Government and law enforcement officials maintain the tech sector is overstating the danger of weakening encryption.
“The single most important criminal justice challenge in the last 10 years is, in my opinion, the use of mobile devices by bad actors to plan, execute, and communicate about crimes,” said New York County District Attorney Cyrus R. Vance Jr. in written testimony submitted to the U.S. Senate Judiciary Committee at a hearing on encryption and lawful access held Tuesday.
“Just as ordinary citizens rely on digital communication, so do people involved in terrorism, cyber fraud, murder, rape, robbery, and child sexual assault,” he continued.
His office is not anti-encryption, Vance maintained.
“That does not mean encrypted material should be beyond the law when a judge signs a search warrant — especially when we’re talking about evidence tied to a child sex abuse case or a potential terrorist attack,” he argued.
It is “unconscionable that smartphone manufacturers, rather than working with government to address public safety concerns, have dug in their heels and mounted a campaign to convince their customers that government is wrong and that privacy is at risk,” Vance said.
“Because Apple and Google refuse to reconsider their approach, I believe the only answer is federal legislation ensuring lawful access,” he added. “Tech goliaths have shown time and again they have no business policing themselves.”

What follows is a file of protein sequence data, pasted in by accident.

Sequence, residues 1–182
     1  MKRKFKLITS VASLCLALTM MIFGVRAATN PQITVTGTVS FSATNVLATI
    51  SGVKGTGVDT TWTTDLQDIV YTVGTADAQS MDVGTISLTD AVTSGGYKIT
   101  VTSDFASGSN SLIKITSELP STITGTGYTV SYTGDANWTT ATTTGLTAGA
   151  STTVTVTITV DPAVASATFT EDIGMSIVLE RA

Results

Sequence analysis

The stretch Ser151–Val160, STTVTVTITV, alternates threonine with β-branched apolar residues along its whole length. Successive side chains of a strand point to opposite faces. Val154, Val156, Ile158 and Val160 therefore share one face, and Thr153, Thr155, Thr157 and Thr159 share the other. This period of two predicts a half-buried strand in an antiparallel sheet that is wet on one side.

Downside of Lawful Access
There can be hangups, however, with the “lawful access” Vance and others seek.
“The U.S. government can require an American company to install backdoors, but they can’t require people to use those backdoored services,” the Cato Institute’s Sanchez pointed out.
“There are already widely available open source encryption tools with no backdoors, which sophisticated users can switch to if they no longer trust compromised encryption,” he continued, “and competing tech companies outside U.S. jurisdiction are sure to eagerly promote their products as an uncompromised, more secure alternative.”
In either case, the big loser would be Facebook.
“People utilize WhatsApp because of the encryption,” Constellation’s Miller observed. “If you take that away, a lot of people will leave the platform, and they’ll begin to question whether they want to do business with Facebook.”
Support of encryption backdoors by global governments has the security community concerned, observed Kevin Bocek, vice president for security strategy and threat intelligence at Salt Lake City-based Venafi, maker of a platform to protect digital keys and certificates.
“This is not rocket science. Backdoors inevitably create vulnerabilities that can be exploited by cyberattackers. It’s understandable that so many security and privacy professionals are concerned. Backdoors are especially appealing to hostile and abusive attackers,” he told TechNewsWorld.
“This is a tense moment for technology professionals because they know backdoors make our critical infrastructure and devices more vulnerable. We know that attackers don’t abide by restrictions. They don’t follow the rules or buy products in controlled markets,” Bocek continued.
“Countries that enact these restrictions harm law-abiding businesses and court economic damage,” he warned, “as well as intrusions focused on sovereign government processes.”